He turned and saw two radiant ladies. He knew at once they were peris from Paradise.
Wali Dad sank to his knees and cried, “I am a stupid old man. Let me go my way. I cannot face my shame!”
“No shame can come to such as you,” said one of the peris. “Though your clothes are poor, in your heart you are a king.”
The peri touched him on the shoulder. To his amazement, he saw his rags turn to fine clothes. A jeweled turban sat on his head. The rusty sickle at his waist was now a gleaming scimitar.
“Return, Wali Dad,” said the other peri. “All is as it should be.”
Wali Dad looked behind him. Where his hut had stood, a splendid palace sparkled in the rising sun. In shock, he turned to the peris, but they had vanished.
Wali Dad hurried back along the road. As he entered the palace, the guards gave a salute. Servants bowed to him, then rushed here and there, preparing for the visitors.
Wali Dad wandered through countless rooms, gaping at riches beyond his imagining. Suddenly, three servants ran up.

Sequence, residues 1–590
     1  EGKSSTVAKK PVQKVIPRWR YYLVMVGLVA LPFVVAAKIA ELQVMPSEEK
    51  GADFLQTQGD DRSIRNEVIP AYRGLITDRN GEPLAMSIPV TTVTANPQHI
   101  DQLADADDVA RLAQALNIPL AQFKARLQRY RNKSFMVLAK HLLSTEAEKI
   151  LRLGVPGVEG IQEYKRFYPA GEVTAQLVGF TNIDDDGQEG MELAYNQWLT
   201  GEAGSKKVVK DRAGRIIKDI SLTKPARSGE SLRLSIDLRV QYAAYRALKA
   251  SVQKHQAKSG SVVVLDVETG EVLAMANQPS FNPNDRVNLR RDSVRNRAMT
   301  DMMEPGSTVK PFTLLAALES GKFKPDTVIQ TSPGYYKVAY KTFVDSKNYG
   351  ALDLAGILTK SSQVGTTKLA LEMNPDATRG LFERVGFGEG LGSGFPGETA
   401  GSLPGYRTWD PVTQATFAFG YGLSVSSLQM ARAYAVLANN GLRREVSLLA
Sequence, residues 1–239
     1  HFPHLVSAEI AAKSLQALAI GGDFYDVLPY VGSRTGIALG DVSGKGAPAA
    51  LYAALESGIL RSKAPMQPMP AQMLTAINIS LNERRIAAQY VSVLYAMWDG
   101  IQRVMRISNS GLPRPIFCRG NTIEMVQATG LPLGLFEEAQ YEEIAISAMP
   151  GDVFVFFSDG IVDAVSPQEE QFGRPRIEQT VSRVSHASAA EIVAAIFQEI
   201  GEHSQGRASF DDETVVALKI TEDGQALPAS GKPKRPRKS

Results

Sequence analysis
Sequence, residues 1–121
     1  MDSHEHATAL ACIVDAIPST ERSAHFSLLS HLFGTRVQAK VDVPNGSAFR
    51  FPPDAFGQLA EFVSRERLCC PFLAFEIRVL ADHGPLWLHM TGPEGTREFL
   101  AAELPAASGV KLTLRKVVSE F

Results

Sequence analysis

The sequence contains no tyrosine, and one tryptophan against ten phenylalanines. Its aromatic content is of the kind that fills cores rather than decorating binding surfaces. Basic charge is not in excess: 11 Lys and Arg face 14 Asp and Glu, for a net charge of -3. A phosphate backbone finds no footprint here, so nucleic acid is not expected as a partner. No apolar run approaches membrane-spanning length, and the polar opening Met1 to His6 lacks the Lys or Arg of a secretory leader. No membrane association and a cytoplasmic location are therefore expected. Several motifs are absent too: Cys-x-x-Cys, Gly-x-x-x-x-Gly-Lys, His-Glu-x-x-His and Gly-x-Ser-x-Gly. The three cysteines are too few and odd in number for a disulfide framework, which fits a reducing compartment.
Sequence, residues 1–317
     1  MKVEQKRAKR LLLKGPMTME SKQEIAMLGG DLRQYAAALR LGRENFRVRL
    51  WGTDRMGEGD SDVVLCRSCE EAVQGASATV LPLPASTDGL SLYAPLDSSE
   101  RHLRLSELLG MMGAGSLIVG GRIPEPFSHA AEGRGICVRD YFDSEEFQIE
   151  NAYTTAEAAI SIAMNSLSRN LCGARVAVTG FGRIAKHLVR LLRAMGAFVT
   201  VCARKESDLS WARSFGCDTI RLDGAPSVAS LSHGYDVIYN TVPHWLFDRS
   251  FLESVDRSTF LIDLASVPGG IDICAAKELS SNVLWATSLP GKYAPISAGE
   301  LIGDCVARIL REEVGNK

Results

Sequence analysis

“A caravan from the east!” announced the first.
“No,” said the second, “a caravan from the west!”
“No,” said the third, “caravans from both east and west!”
The bewildered Wali Dad rushed outside to see two caravans halt before the palace. Coming from the east was a queen in a jeweled litter. Coming from the west was a king on a fine horse.
Wali Dad hurried to the queen.
“My dear Wali Dad, we meet at last,” said the queen of Khaistan. “But who is that magnificent king?”
“I believe it is the king of Nekabad, Your Majesty,” said Wali Dad. “Please excuse me for a moment.”
He rushed over to the king.
“My dear Wali Dad, I had to meet the giver of such fine gifts,” said the king of Nekabad. “But who is that splendid queen?”
“The queen of Khaistan, Your Majesty,” said Wali Dad with a smile. “Please come and meet her.”